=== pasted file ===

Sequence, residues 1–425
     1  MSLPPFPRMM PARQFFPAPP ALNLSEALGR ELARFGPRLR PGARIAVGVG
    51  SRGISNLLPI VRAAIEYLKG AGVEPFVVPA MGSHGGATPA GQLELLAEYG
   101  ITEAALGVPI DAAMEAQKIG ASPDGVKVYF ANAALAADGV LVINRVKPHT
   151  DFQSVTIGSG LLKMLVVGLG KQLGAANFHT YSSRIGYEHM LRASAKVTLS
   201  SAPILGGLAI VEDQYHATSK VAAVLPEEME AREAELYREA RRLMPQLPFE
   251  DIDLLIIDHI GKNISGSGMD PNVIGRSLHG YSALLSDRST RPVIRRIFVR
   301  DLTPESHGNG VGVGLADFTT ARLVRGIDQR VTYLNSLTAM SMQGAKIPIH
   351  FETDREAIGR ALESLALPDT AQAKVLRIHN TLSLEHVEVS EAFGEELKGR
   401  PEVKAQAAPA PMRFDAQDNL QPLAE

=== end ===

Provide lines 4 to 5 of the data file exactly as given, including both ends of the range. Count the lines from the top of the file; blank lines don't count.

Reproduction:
   101  ITEAALGVPI DAAMEAQKIG ASPDGVKVYF ANAALAADGV LVINRVKPHT
   151  DFQSVTIGSG LLKMLVVGLG KQLGAANFHT YSSRIGYEHM LRASAKVTLS